A Conscious Decision
Here’s the truly incredible thing. Once those potential terrorist victims were safe, Rescorla and three of his team members (Wesley Mercer, Jorge Velazquez, and Godwin Forde) went back into the building. This wasn’t too long before it collapsed. Think this through with me. He had just walked out of Tower Two. It was in flames—not just a couple of floors but multitudes of them. By now, people are jumping from windows above the inferno. Bodies are falling around him. Rescorla could have stayed outside and no one would have ever challenged him for his decision. But he knew that there were more people who might be saved. He chose to go back inside.
His body was never found.
There are amazing, inspiring points here: leadership, bravery, self-sacrifice and actions beyond the call of duty all come to mind. Rick Rescorla did what few could. Researching for this article, one line caught my attention: “People like Rick were put here to show the rest of us wimps what a real man is supposed to be like” (“Rick Rescorla: The True Spirit of 9/11,” by Hugh Wyatt; www.coachwyatt.com/rickrescorla.htm). In this context, consider the training legacy of Rick Rescorla. He identified a clear need and pursued it with a vision of how he could have a positive impact on the outcome.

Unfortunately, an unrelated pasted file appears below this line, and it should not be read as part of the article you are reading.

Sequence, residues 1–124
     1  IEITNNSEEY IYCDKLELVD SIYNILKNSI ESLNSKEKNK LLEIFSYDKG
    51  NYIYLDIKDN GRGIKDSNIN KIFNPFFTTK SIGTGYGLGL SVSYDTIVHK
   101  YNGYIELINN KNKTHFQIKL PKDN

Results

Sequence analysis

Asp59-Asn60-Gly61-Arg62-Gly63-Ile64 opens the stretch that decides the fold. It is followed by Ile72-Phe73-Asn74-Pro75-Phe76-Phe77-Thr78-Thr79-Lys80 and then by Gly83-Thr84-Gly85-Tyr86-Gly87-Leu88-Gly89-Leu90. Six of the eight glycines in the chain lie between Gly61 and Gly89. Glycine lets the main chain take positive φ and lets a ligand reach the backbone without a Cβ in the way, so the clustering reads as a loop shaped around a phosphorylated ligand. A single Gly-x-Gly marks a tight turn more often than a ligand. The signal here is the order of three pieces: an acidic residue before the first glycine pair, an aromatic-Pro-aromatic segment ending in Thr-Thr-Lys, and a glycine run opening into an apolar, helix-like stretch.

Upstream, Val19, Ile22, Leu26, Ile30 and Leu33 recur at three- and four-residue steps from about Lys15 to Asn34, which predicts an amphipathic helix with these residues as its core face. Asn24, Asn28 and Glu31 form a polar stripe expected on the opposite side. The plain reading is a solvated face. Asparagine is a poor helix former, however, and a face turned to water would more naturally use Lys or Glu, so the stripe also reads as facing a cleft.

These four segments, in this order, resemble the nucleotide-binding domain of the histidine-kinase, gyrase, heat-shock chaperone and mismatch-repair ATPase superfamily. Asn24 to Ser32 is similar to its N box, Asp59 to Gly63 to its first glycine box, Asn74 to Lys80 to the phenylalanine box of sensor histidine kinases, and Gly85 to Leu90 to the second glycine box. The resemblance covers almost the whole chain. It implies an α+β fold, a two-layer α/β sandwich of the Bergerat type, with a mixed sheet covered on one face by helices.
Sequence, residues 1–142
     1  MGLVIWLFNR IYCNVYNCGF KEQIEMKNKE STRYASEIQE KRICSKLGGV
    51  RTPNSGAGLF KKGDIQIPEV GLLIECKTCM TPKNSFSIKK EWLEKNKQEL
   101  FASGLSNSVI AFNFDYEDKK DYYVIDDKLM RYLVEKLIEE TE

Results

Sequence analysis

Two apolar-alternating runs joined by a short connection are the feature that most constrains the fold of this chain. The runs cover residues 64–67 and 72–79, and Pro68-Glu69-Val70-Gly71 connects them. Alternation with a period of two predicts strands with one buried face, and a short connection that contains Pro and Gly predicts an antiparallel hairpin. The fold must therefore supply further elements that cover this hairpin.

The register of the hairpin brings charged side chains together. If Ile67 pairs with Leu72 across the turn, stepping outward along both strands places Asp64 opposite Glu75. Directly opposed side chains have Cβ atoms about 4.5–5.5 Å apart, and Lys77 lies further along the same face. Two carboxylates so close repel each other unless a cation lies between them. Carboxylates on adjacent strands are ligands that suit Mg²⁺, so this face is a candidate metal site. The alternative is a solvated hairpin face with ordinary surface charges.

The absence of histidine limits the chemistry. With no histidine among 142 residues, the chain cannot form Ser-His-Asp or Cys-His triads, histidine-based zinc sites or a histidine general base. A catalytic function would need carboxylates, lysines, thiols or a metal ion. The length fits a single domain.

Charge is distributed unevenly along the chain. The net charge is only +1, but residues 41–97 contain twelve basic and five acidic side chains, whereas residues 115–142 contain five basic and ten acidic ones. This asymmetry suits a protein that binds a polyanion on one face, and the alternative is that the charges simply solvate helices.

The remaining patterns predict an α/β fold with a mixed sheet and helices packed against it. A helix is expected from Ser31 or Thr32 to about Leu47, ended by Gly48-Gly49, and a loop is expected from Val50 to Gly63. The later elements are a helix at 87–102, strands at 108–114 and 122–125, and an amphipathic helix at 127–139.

Like Rick Rescorla, you may have experienced obstacles when, based on an identified need, you lobbied for some form of departmental action. In our line of work, this usually means getting important training out to the troops. We must understand that, like Rescorla, one has to work within guidelines that aren’t always going to be the preferred choice. A good law enforcement trainer still finds ways to get as much done as possible, because the payoff is real.
A Historical Parallel
So we’ve reached the 10th anniversary of our national heartache. 9/11 fell upon those of us who care about this country in a manner similar to what my parents felt in the aftermath of the Pearl Harbor attack. While historically there have been other events that had some of the same impact—for example, Confederate troops firing on Fort Sumter to start the Civil War bloodletting—none have generated both national and world wide repercussions quite like these two events.